Australia’s top 10 most expensive wines
Grange (tastings) is still Australia’s most collectable wine, made in sufficiently high volume to place it in the tradeable commodity class, like first and super second-growth Bordeaux.
Its fame is supported by a colourful history, a heroic creator in the late Penfolds chief winemaker Max Schubert, and a matchless unbroken lineage back to 1951. Not a single-vineyard wine like Henschke Hill of Grace (tastings), it is blended from a number of vineyards and regions, all in South Australia, with the Barossa as the base. This is a kind of insurance against the failure of any single vineyard due to bad weather. There were some shaky vintages in the 1950s, ‘60s and ’70s, but very few sub-standard wines have appeared since the end of the 1970s.
However, Grange is no longer unassailable as Australia’s greatest wine. There are many challengers today. The world of wine has expanded so much since Schubert’s heyday that there are many more styles, grape varieties and makers competing for the mantle.
Is it worth the $785 price tag? Not to me. It’s been decades since I felt Grange was affordable. As with any luxury good, it depends on how much money is in your pocket and how badly you want it. Ultimately, the market either accepts or rejects the price.
Here are 10 of Australia’s other top-price drops.
Penfolds 50 Year Old Rare Tawny, 170th Anniversary Release, $3550
Astonishing concentration of extremely old rancio aromas and flavours, very rich and lingering for minutes after the swallow. Great power and balance. The price partly reflects the cost of the hand-made packaging. Score: 98/100 (tasting)
Penfolds Bin 170 Kalimna Limited Edition Shiraz 2010, $1800
A one-off to commemorate this year’s 170th anniversary, made from a single block of the company’s famous Kalimna vineyard in the Barossa, whose grapes usually go into Grange. Aged only in French oak. Black pepper, sweet dried-herb and star-anise; wonderful flavour, great concentration, fine-grained tannins, a sublime wine. Score: 98/100 (tasting)
All Saints Museum Muscadelle, $1000 (500ml)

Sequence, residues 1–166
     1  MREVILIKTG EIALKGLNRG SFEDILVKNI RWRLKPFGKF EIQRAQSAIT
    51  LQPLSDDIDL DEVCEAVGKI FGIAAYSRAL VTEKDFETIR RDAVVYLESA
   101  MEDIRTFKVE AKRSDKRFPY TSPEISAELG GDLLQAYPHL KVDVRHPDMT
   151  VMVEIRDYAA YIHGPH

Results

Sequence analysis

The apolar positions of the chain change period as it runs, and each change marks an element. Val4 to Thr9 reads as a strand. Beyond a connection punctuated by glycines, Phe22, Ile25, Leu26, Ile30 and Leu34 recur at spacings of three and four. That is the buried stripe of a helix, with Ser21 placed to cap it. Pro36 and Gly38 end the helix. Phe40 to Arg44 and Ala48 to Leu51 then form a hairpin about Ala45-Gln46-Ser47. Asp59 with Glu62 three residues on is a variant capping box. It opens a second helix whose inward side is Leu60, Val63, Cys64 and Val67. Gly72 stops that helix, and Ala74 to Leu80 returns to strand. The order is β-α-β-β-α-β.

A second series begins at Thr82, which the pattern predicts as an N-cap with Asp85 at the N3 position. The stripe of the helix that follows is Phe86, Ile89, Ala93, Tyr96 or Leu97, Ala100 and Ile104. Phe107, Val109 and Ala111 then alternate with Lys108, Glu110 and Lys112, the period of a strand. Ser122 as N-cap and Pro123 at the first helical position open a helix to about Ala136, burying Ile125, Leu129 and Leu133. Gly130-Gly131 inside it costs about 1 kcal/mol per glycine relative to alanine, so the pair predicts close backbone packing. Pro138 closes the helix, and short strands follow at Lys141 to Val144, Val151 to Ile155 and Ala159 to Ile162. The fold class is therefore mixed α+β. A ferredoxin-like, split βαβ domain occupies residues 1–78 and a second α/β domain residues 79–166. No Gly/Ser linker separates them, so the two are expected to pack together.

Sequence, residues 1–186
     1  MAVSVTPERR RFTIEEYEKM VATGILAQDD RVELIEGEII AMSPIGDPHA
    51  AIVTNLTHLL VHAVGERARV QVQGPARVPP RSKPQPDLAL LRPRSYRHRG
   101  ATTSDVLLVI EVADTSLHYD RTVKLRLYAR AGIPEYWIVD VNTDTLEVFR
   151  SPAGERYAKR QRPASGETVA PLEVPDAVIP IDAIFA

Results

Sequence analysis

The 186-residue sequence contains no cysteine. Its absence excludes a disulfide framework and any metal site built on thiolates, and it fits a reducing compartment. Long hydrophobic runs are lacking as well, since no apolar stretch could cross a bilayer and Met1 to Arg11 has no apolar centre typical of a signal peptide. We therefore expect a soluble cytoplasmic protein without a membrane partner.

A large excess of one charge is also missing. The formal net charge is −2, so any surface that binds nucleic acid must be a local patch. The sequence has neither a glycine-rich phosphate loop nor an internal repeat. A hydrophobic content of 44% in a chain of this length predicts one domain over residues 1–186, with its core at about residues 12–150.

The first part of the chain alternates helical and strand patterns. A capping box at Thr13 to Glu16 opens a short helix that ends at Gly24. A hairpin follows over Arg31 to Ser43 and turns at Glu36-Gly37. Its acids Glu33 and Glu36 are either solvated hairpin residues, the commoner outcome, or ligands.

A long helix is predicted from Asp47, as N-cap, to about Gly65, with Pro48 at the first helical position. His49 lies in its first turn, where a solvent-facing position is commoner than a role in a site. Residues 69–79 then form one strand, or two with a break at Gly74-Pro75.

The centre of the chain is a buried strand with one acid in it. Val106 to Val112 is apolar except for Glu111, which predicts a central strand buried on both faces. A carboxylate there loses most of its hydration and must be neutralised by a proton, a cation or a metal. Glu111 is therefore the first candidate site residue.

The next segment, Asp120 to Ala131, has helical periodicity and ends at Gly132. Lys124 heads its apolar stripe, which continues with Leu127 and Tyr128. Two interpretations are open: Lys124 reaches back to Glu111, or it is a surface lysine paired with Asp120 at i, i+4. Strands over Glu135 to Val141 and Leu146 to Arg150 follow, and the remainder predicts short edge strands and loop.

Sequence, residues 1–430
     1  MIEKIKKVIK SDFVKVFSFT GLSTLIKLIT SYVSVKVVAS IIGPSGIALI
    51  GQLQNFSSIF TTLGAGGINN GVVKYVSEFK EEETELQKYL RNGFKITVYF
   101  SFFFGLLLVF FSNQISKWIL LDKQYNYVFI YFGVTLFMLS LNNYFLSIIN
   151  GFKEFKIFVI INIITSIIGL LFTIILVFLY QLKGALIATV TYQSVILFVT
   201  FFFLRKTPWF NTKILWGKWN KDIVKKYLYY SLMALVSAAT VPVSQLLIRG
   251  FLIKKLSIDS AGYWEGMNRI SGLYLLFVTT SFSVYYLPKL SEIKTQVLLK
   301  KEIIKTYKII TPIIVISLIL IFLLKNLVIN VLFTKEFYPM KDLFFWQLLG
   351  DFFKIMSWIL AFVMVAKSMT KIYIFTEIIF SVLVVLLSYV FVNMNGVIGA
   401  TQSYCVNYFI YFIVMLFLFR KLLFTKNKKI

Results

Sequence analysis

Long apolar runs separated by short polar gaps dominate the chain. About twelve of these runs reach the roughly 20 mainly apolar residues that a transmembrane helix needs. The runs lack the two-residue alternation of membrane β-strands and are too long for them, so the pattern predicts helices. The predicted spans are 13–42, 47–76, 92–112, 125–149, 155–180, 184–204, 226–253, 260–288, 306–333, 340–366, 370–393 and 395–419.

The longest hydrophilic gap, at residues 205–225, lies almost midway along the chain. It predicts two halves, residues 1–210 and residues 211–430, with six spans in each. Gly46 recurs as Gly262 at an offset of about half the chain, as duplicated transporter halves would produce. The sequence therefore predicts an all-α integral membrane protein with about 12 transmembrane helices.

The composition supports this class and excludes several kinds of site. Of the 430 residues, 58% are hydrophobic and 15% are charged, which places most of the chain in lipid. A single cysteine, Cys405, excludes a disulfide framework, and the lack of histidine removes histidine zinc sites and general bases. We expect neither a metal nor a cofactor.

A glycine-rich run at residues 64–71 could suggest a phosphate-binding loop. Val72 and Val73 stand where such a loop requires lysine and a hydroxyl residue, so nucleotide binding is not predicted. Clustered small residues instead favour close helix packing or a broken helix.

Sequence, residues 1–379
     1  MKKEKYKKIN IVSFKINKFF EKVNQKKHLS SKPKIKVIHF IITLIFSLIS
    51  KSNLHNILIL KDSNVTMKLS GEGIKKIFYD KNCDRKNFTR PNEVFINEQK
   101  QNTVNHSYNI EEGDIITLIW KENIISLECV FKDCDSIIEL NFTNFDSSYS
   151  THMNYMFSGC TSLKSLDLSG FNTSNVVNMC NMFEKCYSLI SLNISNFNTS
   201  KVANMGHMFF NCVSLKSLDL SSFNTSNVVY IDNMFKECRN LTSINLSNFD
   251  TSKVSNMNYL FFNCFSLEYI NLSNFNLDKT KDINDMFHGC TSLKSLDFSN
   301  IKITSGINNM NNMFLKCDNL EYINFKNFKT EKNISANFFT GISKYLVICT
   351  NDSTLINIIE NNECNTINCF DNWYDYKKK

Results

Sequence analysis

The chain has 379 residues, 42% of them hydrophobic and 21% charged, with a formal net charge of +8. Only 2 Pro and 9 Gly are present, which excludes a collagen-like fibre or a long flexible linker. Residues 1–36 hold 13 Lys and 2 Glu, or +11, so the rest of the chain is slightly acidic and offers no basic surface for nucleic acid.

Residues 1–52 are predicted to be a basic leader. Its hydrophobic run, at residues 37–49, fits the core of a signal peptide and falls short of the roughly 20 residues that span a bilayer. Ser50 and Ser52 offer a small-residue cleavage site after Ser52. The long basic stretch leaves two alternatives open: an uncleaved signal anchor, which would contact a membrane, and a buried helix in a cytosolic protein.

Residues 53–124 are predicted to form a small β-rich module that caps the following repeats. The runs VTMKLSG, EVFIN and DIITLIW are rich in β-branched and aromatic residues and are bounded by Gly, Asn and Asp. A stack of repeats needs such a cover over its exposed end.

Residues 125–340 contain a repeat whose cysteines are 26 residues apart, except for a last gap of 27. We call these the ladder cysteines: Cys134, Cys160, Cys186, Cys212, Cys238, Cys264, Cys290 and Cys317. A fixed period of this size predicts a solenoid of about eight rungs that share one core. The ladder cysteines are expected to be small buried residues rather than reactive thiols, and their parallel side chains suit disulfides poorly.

Released to celebrate this year’s 150th anniversary. Some of the wine is more than 100 years old. Thick, treacly nut-brown colour coats the glass; it has a bouquet and flavour of dried fig, malt, toffee, burnished wood and old leather, and explosive flavour that lingers on and on.
Score: 99/100 (tasting)
Parawa Estate Ingalalla Grand Reserve Shiraz 2007, $1100
From the Fleurieu Peninsula: the 2,000 bottles were all destined for overseas markets. I don’t know anyone who has tasted it. Seen by many as an opportunistic tilt at the collector market, but it has received from strong reviews from credible tasters.
Penfolds Bin 620 Cabernet Shiraz 2008, $1000
A one-off, echoing the famous 1966 Bin 620 and, like that wine, 100 per cent Coonawarra. Fabulously concentrated blueberry and blackberry aromas, enormous fruit sweetness and decadent, lush flavour and texture. Totally seductive.
Score: 99/100 (tasting)
Torbreck The Laird 2008, $900
Wonderful density and coffee/mocha concentration, luxuriously smooth and sumptuous. Single-vineyard Barossa shiraz, made in small quantities and like Grange and Hill of Grace, not released until it’s at least five years old.
Score: 96/100 (tasting)
Chris Ringland Shiraz (formerly Three Rivers) 2006, $700*
I seldom get to taste this cult wine, it’s so rare and its maker secretive. But it’s a dense, concentrated, powerful, high-alcohol Barossa shiraz, produced in minuscule quantities from a single vineyard. *as advertised on wineculture.com.au
Henschke Hill of Grace 2009, $650
Fantastic wine and a top HOG vintage. Single-vineyard Eden Valley shiraz of sublime complexity and finesse, deceptively concentrated. A great wine of true individuality.
Score: 97/100 (tasting)
Seppeltsfield 100 Year Old Para 1914, $500 (100ml bottle)
Seppeltsfield is the world’s only winery releasing a 100-year-old wine each year, which it has done since the 1878 released in 1978. These are port-style wines of mind-bending concentration and bewildering flavour. They have more in common with very old balsamic vinegar than wine. The flavour lasts on the tongue for minutes and must be experienced to be believed. Seppeltsfield.com.au
Chambers Rare Rutherglen Muscat, $250 (375ml)
Rich as treacle and almost as difficult to pour, this wine has almost infinite complexity of aged aroma and flavour yet still displays lovely muscat fruit character. Lusciously sweet, with almost endless flavour.